Joel Strait

Winter Storm

Program Notes

  I wrote and arranged a piece for violin and piano using Noteworthy Composer 1.50 for Windows. I then compiled my piece into a MIDI file.

This piece contains elements of several styles. For example, it is in waltz form, which is a 19th century device, while the melody contains chromatic steps reminiscent of the music of 20th century composers such as Stravinsky or Strauss. However, although it contains elements of many different styles, I feel that it most strongly resembles a piece from the late 20th century. The application of post-World War II technological and scientific discoveries was undoubtedly one of the most influential influences on musical creativity in this style. For example, music was now more readily available than ever before, thanks to inexpensive mediums such as compact discs, cassette tapes, and the radio. As a result, 20th century composers realized that they had the greatest opportunity of reaching the largest audience through recorded music. Due to improvements in communications, musical tastes were also more similar than ever before in this style. For example, Indian music was an influence for the music of the Beatles, and the Beatles were a heavy influence on American music. One side effect of the technological advances in this style is that the decibel level in this style was higher than ever before, due to advances in the field of amplification.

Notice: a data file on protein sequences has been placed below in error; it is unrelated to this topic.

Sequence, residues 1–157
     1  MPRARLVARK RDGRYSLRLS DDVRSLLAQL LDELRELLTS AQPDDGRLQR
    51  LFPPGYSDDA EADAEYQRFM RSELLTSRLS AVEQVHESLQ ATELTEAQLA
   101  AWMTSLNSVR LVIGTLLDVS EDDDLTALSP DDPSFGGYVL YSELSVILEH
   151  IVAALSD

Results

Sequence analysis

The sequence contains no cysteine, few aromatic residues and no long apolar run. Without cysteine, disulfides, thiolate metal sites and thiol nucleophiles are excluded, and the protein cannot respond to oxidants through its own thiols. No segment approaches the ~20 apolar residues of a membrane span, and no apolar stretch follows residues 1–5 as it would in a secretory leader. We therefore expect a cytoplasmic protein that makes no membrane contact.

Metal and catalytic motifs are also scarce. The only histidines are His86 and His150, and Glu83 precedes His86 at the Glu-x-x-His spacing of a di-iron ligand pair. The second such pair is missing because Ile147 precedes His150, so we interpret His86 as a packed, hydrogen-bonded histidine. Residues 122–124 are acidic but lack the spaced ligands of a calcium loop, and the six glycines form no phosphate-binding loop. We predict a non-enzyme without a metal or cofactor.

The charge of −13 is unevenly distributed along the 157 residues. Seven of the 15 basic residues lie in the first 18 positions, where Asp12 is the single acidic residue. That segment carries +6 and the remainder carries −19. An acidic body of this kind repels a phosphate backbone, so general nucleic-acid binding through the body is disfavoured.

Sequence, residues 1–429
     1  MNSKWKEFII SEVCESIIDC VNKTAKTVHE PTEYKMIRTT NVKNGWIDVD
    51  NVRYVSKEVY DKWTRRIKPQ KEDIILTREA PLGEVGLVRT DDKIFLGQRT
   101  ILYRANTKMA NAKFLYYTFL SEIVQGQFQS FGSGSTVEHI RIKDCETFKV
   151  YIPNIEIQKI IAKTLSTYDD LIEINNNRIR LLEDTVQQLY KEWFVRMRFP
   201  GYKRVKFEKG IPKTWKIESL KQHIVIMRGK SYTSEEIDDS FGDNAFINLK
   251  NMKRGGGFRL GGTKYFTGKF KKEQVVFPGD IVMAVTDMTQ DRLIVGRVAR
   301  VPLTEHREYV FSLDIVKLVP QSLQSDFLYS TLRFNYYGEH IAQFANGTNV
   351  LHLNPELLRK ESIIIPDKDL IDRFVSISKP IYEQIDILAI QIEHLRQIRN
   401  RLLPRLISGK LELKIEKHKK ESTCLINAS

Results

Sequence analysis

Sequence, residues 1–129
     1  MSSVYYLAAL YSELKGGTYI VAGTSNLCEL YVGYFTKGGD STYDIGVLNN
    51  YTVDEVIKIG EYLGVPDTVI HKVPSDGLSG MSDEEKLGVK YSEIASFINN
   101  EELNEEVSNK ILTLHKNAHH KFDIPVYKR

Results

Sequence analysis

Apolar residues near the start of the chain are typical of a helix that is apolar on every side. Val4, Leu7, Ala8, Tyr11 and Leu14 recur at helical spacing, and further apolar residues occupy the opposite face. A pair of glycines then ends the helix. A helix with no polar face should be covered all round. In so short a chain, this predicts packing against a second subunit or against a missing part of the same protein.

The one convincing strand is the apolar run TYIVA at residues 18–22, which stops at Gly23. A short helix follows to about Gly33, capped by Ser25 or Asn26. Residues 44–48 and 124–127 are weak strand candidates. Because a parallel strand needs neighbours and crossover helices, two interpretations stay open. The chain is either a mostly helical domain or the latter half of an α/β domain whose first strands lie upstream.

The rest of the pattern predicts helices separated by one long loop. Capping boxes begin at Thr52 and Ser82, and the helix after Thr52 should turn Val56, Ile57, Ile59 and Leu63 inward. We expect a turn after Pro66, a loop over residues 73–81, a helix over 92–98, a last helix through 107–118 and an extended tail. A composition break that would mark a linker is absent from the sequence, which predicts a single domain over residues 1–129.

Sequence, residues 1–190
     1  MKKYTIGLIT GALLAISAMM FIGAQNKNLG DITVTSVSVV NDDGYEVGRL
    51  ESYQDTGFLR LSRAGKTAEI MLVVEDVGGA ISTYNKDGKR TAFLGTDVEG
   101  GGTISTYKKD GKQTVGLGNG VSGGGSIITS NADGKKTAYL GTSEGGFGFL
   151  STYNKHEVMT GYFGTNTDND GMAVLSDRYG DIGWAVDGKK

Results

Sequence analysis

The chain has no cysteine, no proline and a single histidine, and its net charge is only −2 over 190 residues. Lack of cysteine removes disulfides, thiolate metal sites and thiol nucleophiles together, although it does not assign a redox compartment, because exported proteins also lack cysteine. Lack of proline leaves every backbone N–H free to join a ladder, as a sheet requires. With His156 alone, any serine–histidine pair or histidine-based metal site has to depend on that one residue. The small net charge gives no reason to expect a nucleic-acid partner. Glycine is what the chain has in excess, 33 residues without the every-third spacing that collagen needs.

The song belongs to one of the oldest and most common genres. The are usually in binary or ternary form, and resemble small arias. They also usually have instrumental accompaniment, and can contain lyrics that are treasured for the rich quality of their poetry. Also, many song types are associated with specific style periods. For example, the English lute song is associated with the Renaissance.

In the writing of "Winter Storm," I noticed several things about the structure of it. First, it contains homophonic texture. This means that it contains a melody harmonized by block chords. I also noticed that throughout the entire piece, the motive 2:1 appears. For example, almost all of the "A" section and most of the "B" section contains this motive, while the piano part features the motive in retrograde (in terms of the hand being played). Also, the key changes from B harmonic minor to B natural minor at measure 17, and then changes back to B harmonic minor at measure 32 and stays in that key for the duration of the song. The phrase from measures 17-33 features a chord progression of i-VI-III-VII, which repeats four times.

In general I am very happy with the results of this peice. I think it has a strong melody and a hypnotic feel. However, it took me several attempts before I acheived the arrangement that I have now settled upon. In the end, it was just a matter of simplification. I had had several complex arrangements, but I found out that simpler was better.